Updated April 2016
Although there is considerable variety in the road transport available, most of it is not recommendable for visiting tourists. Navigating Santo Domingo in its buses is a real challenge unless you speak the local languages or you know the city well. A few years ago, the Government introduced modern air-conditioned buses, but these soon deteriorated and lost their appeal. Some of these are express, inasmuch as they make fewer stops. There are also those without air-conditioning that are cheaper. Fares vary with the type of bus and the distance, but you can go from one extreme of the city to the other for about RD$30 .
Guaguas and Carros Publicos
There are privately owned minivans (guaguas) and cars (carros publicos), mostly in a very bad state of repair, that pick-up passengers anywhere on their route, packing them inside, often beyond its seating capacity, making for very uncomfortable trips. Guaguas operate along main roads during the day only; carros publicos work well into the night. The fare depends on the route and should be around RD$30 to RD$50, for distances that might go as far as Boca Chica, the other side of the airport.
For a real, exciting (and dangerous) adventure there is a further form of public transportation: the motorcycle taxi, locally known as a motoconcho. They have the advantage of being able to weave in and out of traffic to avoid traffic jams and getting to the destination quicker, if at the risk of ending up in hospital! The cost is not fixed but will be approximately RD$50 for a ride in Santo Domingo.
They are limited to the outlying neighborhoods. You won't see many in the centre.
The Santo Domingo Metro is a project for a 6-line grid, below and above ground, designed to alleviate the traffic congestion on the city's streets. Line 1 has been completed and runs in a north-south direction. Line 2 meant to run east-west has been partially opened, going from station Maria Montez, to station Eduardo Brito crossing Line 1 at "Centro Olímpico Juan Pablo Duarte" where it provides an underground interchange. The extension of Line 2, as far as Carretera Mella, is expected to go into service in 2016.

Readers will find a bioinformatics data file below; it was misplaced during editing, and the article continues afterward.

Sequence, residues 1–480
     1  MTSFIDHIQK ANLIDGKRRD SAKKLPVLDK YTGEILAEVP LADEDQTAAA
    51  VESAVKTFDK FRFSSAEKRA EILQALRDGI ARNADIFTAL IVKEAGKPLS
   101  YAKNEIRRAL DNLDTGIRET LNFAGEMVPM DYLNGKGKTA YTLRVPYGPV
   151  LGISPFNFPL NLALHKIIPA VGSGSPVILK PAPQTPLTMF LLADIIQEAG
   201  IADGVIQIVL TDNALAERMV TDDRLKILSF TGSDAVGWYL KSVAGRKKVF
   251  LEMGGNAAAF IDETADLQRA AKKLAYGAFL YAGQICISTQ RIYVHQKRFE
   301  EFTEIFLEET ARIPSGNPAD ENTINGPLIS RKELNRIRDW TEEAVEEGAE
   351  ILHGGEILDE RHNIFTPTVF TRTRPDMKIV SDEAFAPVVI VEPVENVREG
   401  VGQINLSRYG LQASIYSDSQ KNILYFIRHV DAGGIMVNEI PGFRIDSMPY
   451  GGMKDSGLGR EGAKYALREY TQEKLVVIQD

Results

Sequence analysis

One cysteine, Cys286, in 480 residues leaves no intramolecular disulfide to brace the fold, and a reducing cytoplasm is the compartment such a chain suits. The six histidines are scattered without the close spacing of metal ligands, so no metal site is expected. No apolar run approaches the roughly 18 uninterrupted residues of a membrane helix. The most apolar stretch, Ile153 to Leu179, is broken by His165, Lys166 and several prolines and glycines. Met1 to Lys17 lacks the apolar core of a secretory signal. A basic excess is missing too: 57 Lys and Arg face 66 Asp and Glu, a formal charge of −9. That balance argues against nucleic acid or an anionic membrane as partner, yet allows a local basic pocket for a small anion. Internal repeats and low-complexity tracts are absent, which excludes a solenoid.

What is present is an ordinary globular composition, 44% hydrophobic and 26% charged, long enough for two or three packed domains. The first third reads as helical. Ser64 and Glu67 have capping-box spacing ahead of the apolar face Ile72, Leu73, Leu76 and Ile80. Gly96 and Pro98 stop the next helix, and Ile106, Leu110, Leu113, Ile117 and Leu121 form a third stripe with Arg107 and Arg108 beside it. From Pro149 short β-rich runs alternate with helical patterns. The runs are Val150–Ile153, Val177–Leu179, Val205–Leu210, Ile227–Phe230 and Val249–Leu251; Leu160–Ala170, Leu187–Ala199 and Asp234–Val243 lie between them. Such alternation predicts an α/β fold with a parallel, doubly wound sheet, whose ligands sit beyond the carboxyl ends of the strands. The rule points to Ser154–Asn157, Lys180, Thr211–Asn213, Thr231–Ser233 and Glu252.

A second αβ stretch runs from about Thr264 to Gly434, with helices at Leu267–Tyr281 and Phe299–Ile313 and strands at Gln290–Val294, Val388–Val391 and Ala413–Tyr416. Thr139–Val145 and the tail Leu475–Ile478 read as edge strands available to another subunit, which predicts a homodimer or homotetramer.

The Metro is open from 6am to 10:30pm every day, and the frequency, although it depends on the line and time of the day, should be between 5 and 10 minutes. A single ticket costs RD$35; return RD$55 (this is made up of the cost of the paper ticket RD$15, to which is added the cost of the journeys: RD$20 each way. This ticket is not rechargeable). A day pass costs RD$80 + RD$15. If you intend to stay for several days, consider buying the rechargeable electronic plastic ticket: RD$200 which includes 7 journeys. You can then add single trips at RD$20, or buy an extra 10 journeys at RD$185, or an extra 20 journeys at RD$360. All tickets are sold at the Metro stations.
The new Metro is nice, very fast, air conditioned, and recommended for those travelling to places in the vicinity of the existing stations.
Taxis in Santo Domingo do not have meters. Therefore, you should check first with the hotel the approximate cost of any journey, and then confirm it with the driver before leaving. You should pay according to a set price of location to location. If the driver is unsure (or pretends to be...), ask him to call his dispatch office for confirmation. Waiting time is negotiated, and if you want to keep one driver all day, it might cost around US$25 on top of the cumulative cost of the completed trips. A taxi across town should be more or less RD$200 or US$5. Local expatriates recommend and use the Apolo taxi company: Apolo Taxi (809-537-7771). They should quote the fare when you call.
If you have a portable GPS use it and make sure the driver sees it; that might discourage him from taking the usual tourist detours...
Recently, TUV SUD entered the executive niche of the market (see image above) with a large fleet of brand new, air-conditioned taxis offering an uniformed driver, passenger insurance, and even a bottle of water.... It offers a free app, with which to call a taxi at the pressing of a button. It allows satellite positioning to locate the client. Besides, unlike Uber, you can call a taxi by phone: 809-561-3333, or flag it down in the street. You can find them also waiting outside most shopping malls. The minimum charge is RD$180 (US$4). There is a 20% discount if the app is used to call the car. The fare can be paid by credit card.
Uber has also entered the market, but like in many other cities around the world, it has difficulties with the licensing authorities and with the regular taxis. The US Embassy has warned its citizens about threats by transport trade unions against Uber that could result in sudden disruption of the service, or even in violence. Their tariffs are: RD$10 per kilometer + RD$5 per minute, with a minimum of RD$70, but consider the risks before you use them!